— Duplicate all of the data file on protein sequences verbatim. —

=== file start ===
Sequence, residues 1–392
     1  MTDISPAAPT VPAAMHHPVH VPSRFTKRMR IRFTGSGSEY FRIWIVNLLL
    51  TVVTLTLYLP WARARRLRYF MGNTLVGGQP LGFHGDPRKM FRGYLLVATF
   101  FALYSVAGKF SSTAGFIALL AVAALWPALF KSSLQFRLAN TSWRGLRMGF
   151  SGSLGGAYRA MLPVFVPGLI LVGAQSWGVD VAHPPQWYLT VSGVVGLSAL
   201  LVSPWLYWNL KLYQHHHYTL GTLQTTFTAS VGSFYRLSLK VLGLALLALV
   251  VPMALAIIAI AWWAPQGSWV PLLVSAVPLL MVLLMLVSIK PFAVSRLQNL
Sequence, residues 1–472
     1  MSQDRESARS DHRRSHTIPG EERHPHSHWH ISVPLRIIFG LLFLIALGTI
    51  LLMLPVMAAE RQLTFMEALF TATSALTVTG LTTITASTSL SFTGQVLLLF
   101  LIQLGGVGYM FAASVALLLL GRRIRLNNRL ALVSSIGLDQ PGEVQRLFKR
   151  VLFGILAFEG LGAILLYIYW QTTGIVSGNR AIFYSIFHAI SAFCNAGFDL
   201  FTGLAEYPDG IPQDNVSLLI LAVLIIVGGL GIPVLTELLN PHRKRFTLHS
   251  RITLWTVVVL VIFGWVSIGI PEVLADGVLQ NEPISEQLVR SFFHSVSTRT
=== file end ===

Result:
Sequence, residues 1–392
     1  MTDISPAAPT VPAAMHHPVH VPSRFTKRMR IRFTGSGSEY FRIWIVNLLL
    51  TVVTLTLYLP WARARRLRYF MGNTLVGGQP LGFHGDPRKM FRGYLLVATF
   101  FALYSVAGKF SSTAGFIALL AVAALWPALF KSSLQFRLAN TSWRGLRMGF
   151  SGSLGGAYRA MLPVFVPGLI LVGAQSWGVD VAHPPQWYLT VSGVVGLSAL
   201  LVSPWLYWNL KLYQHHHYTL GTLQTTFTAS VGSFYRLSLK VLGLALLALV
   251  VPMALAIIAI AWWAPQGSWV PLLVSAVPLL MVLLMLVSIK PFAVSRLQNL
Sequence, residues 1–472
     1  MSQDRESARS DHRRSHTIPG EERHPHSHWH ISVPLRIIFG LLFLIALGTI
    51  LLMLPVMAAE RQLTFMEALF TATSALTVTG LTTITASTSL SFTGQVLLLF
   101  LIQLGGVGYM FAASVALLLL GRRIRLNNRL ALVSSIGLDQ PGEVQRLFKR
   151  VLFGILAFEG LGAILLYIYW QTTGIVSGNR AIFYSIFHAI SAFCNAGFDL
   201  FTGLAEYPDG IPQDNVSLLI LAVLIIVGGL GIPVLTELLN PHRKRFTLHS
   251  RITLWTVVVL VIFGWVSIGI PEVLADGVLQ NEPISEQLVR SFFHSVSTRT